Pension Funding Stabilization Not Long-Term Cure

June 19, 2012 ( – Pension funding stabilization provisions of a bill currently going through Congress would provide pension plan sponsors some short-term relief, but would not address long-term problems.

Researchers for the Society of Actuaries (SOA) say the pension funding stabilization provisions in the Moving Ahead for Progress in the 21st Century Act (MAP-21) would effectively prescribe a pattern of valuation interest rates for the next several years, with a significant increase in 2012 rates followed by declines in subsequent years.   

Initially, aggregate contribution requirements would be significantly less than under current law (approximately 43% in 2012), but would then be expected to increase each year until ultimately exceeding the amounts that would have been required under current law.   

The report, “Proposed Pension Funding Stabilization: How Does it Affect the Single-Employer Defined Benefit System?” indicates the predictability of contribution requirements would show some improvement in the short term but little improvement in the long term, because the funding stabilization provisions do not address non-interest-rate sources of volatility and are less likely to affect valuation rates in the future.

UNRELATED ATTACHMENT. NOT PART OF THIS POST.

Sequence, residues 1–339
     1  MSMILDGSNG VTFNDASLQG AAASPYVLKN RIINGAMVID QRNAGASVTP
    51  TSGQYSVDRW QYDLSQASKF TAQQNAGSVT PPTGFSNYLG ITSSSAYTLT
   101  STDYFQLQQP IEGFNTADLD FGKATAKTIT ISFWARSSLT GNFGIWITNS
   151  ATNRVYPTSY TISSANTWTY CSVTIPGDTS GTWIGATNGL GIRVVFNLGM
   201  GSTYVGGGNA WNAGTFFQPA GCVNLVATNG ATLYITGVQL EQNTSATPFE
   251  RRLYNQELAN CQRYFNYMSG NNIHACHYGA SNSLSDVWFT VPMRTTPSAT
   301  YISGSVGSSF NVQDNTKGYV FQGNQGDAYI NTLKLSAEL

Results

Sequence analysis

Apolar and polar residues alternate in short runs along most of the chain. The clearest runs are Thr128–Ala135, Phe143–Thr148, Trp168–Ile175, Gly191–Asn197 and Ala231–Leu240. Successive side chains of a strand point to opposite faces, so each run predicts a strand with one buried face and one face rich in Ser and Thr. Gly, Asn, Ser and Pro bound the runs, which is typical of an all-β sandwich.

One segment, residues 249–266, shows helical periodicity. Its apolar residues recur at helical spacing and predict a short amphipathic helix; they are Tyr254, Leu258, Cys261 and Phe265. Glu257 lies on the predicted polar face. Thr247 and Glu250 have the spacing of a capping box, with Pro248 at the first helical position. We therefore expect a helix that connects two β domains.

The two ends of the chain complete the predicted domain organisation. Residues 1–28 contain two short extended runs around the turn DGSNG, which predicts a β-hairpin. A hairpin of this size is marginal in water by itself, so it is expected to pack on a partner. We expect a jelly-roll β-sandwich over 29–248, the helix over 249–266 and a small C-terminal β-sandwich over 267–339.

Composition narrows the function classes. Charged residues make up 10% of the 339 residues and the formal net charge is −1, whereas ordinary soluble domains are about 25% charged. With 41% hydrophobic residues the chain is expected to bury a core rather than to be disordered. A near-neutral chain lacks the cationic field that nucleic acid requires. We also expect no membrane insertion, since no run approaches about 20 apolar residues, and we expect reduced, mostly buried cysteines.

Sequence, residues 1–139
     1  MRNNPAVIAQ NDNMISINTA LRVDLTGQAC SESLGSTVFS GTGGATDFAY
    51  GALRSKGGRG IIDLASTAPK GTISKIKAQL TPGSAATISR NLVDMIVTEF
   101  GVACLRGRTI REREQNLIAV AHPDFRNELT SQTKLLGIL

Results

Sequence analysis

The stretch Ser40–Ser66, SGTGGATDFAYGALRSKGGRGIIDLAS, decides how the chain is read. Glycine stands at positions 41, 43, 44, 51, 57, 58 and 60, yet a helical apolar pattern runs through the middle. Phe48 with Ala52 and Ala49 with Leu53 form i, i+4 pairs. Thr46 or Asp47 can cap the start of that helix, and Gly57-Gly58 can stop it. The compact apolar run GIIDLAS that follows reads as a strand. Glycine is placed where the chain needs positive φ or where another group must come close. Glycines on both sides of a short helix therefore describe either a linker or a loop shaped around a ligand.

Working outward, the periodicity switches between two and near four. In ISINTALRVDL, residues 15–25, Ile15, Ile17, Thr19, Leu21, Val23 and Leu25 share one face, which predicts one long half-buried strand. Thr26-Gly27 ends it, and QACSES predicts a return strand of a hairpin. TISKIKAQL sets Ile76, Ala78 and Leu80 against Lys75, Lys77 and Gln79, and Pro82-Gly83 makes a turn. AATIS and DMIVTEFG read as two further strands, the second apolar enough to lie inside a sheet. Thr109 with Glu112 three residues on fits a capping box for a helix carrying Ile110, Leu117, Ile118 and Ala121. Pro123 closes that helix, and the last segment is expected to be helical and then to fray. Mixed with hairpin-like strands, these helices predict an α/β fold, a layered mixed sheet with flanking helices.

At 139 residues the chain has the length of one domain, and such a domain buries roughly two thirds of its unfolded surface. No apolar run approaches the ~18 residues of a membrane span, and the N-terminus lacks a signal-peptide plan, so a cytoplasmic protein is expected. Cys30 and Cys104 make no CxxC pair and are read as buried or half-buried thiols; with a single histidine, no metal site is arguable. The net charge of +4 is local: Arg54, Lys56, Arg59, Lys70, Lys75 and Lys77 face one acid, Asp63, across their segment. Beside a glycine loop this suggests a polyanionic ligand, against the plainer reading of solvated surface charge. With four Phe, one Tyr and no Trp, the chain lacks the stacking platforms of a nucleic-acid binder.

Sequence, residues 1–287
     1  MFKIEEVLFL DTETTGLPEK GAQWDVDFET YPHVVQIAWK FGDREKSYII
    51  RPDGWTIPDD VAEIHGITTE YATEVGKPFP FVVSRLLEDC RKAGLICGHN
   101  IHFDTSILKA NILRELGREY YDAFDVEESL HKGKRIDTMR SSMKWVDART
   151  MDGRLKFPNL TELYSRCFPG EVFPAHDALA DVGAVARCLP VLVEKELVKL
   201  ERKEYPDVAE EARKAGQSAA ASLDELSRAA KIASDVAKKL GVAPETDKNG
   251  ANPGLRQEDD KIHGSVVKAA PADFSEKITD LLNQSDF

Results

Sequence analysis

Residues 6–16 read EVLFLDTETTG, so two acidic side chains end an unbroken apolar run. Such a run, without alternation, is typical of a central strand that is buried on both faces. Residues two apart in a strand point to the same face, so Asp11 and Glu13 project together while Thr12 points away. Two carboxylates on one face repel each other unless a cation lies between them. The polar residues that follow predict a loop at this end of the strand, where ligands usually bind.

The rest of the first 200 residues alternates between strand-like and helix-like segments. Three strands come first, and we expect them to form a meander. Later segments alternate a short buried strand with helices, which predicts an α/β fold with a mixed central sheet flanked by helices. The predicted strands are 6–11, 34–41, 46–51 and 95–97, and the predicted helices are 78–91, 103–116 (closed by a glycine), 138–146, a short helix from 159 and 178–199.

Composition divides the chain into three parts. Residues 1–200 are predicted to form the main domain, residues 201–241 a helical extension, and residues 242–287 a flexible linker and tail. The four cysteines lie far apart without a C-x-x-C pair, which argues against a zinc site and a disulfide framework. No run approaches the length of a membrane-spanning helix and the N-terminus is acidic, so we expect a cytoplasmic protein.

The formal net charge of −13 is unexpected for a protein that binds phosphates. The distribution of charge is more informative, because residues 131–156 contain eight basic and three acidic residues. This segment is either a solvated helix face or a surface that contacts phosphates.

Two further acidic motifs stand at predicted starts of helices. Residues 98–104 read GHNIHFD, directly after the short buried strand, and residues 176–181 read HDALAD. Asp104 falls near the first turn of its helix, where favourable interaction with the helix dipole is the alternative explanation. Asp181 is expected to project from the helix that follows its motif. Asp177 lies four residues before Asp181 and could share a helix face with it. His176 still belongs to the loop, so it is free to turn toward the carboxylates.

The prescribed rates would mask market-related changes in funded status for several years. For example, funded statuses in 2013 and 2014 would likely not be materially affected by increases or decreases in interest rates from today’s levels.

The solvency of plans would decline in the short term due to lower contributions, and would eventually return to the levels expected under current law as contributions increase.  

Joseph Silvestri, FSA, MAAA, retirement research actuary with the SOA and lead researcher of the report recommends plan sponsors contemplate the effects of future obligation increases to avoid undesired fluctuations in their contribution requirements and the risks associated with declining funded ratios.   

“The analysis ultimately suggests that plan sponsors hoping to stabilize cash flows to their plans should account for the pattern set by the interest rate limit when planning their contributions, taking into account the decline in valuation interest rates that will certainly follow the 2012 increase,” he said.   

The report can be accessed here.